Lync Meetings and Transport Neutral Encapsulation Format

One of the small things that make Lync Meetings so simple to join is that Outlook will recognize the meeting and wil give you a small button on the Outlook reminder that lets you join the meeting without even opening the calendar. This is also the same functionality that clickable from the calendar interface on the mobile and desktop clients and makes the meeting joinable from a Lync Room System.

Some might have noticed though that when the Lync meeting invites come from an external organization, none of the clients will actually recognize the meeting as a Lync meeting. For most of the clients this is not a big problem, because the link in the invite will still be clickable, but for the Lync Room System this will actually render the meeting unjoinable.

The method that is beeing used in the meeting invites to identify a calendar object as a Lync meeting is called Transport Neutral Encapsulation Format, or TNEF. TNEF is basically an attachment format that is used by Outlook and Exchange in different situations additional formatting is needed, like voting and meeting invites.

The global settings for sending TNEF to remote domains is default set to false. This means that when sending Lync Meeting invites out of the organization, the TNEF attachment is stripped off and the recieving party does not get the extra data which in turn makes the Lync clients at the recieving party not recognize the meeting as a Lync meeting.

To resolve this, the sending party needs to enable sending of TNEF attachments to the recieving party. This is done via the RemoteDomain settings, and can be turned on for i.e contoso.com like this:

New-RemoteDomain -DomainName contoso.com -Name Contoso
Set-RemoteDomain -Identity Contoso -TNEFEnabled $true

It is also possible to set TNEF on for all remote domains, but be careful with this as TNEF can cause issues if the recieving end does not use Exchange.

Lync 2010 and Exchange Web Services/autoconfigure

I’ve recently been upgrading an OCS 2007 R2 environment to Lync 2010 where the users have SMTP adresses in several SMTP domains, but they only have one SIP domain. All users have an SMTP address at least in the SIP domain, but many of them have their primary SMTP address in different domains from the SIP domain.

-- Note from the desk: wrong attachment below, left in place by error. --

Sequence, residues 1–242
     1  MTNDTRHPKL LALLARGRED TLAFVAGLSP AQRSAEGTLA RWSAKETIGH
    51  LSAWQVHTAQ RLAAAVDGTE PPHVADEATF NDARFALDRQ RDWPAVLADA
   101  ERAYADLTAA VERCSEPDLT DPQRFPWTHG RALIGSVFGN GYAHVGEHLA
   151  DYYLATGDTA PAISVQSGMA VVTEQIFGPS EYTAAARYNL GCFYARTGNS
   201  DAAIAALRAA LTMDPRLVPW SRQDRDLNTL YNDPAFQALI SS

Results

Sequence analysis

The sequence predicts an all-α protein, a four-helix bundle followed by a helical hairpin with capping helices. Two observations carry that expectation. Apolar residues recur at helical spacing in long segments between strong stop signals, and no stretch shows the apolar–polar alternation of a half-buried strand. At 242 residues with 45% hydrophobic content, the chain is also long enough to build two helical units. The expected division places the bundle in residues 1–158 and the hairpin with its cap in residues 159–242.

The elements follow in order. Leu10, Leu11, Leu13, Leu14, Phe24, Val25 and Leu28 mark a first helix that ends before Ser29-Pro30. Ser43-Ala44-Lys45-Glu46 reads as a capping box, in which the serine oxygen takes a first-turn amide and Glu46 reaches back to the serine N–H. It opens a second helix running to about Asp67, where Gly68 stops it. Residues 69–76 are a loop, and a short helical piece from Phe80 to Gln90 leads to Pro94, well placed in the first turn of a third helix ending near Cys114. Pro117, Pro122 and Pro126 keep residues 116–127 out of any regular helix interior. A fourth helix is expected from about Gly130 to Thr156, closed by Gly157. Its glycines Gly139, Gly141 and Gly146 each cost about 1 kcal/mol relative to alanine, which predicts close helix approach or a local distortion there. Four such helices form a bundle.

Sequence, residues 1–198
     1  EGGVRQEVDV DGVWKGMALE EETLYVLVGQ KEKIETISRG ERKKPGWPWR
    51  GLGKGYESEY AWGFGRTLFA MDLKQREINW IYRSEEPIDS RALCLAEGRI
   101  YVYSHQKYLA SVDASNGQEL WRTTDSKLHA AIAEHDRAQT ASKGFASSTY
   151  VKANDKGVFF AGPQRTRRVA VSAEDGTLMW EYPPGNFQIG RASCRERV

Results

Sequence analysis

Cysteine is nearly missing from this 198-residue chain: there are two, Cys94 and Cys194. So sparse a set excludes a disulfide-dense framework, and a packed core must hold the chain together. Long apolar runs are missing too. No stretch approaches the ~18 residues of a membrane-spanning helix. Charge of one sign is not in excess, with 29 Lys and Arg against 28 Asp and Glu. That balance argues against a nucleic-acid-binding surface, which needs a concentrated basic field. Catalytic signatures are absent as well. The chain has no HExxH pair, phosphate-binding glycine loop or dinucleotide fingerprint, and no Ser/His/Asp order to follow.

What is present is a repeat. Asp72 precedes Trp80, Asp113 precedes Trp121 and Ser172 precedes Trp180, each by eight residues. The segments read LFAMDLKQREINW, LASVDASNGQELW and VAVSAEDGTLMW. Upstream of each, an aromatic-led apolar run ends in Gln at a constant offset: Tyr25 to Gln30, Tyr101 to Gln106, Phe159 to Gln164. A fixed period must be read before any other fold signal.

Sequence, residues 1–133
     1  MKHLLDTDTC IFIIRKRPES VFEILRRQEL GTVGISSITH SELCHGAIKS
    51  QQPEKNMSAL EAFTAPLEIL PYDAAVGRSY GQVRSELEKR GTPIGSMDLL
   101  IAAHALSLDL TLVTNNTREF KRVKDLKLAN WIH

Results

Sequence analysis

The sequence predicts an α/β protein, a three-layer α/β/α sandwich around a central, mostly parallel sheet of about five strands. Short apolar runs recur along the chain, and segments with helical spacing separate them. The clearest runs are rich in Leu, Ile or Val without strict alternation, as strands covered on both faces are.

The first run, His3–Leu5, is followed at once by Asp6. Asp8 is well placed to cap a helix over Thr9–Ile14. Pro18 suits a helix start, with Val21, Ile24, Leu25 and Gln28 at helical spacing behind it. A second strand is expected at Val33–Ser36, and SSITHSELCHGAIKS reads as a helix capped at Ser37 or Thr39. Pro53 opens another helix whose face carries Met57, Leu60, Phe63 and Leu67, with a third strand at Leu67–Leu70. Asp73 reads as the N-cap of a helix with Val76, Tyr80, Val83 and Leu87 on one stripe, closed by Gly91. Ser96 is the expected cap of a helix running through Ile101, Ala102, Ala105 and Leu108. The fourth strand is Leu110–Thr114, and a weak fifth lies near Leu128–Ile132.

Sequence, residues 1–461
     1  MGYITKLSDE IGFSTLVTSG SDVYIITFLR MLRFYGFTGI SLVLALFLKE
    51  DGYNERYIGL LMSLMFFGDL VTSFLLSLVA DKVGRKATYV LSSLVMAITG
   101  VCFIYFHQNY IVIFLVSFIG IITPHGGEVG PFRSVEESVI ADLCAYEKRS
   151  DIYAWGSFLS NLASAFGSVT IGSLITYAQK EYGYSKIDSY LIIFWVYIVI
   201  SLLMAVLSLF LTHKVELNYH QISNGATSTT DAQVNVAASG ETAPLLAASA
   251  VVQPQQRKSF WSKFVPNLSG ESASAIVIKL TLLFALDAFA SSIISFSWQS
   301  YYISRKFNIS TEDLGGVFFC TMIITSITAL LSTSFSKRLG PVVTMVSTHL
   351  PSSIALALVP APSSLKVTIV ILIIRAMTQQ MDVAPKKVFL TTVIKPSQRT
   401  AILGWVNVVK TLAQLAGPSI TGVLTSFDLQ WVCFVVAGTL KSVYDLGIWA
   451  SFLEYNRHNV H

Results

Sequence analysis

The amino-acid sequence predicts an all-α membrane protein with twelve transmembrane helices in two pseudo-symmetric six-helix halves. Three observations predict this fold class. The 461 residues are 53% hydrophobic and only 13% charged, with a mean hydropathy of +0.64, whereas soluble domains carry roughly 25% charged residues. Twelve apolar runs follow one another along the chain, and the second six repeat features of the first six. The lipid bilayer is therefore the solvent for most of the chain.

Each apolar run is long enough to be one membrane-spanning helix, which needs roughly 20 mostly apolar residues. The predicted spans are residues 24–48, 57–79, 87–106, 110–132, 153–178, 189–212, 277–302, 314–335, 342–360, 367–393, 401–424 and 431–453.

What happened when we migrated the first couple of users to the new Lync FE pool and the new client, some of them lost their calendar integration and recent calls list. It was early apparent that these users were the ones that didn’t have their primary SMTP address in the SIP domain, so at least we were able to find a common denominator.

Taking up the configuration information on the client showed “EWS not deployed” and the fields for EWS Internal and External URL were empty. Testing autoconfigure in Outlook did not return any errors. Of course google is my friend, so I found this post at confusedamused that listed a couple of things to check. None of these solved it for me, but check them first in any case.

When more googling didn’t result in any more possible solutions, I started looking at wireshark traces, and noticed that the Lync client was actually looking up DNS autoconfigure for the users primary SIP domain, not the SMTP domain. As it turned out, autoconfigure was set up to use SCP in all the other domains than the SMTP domain that was equal to the SIP domain, so the Lync client failed to get autoconfigure config for the other domains. I dont know why this was not a problem in R2, so theres probably been some kind of change to how the Lync client handles EWS configuration. Adding the autoconfigure host to HOSTS on the client machine I saw that the Lync client was getting “401 Unauthorized” messages back from the EWS server. I didn’t notice at first, but it was trying HTTP, not HTTPS which had failed a couple of packets earlier, because EWS didn’t have a SAN name in the correct domains.

The solution then was to either add autoconfigure names for the other domains to SAN on the EWS IIS certificate, or adding a SRV record pointing to the Exchange CAS for autoconfigure in the other domains. Hey presto!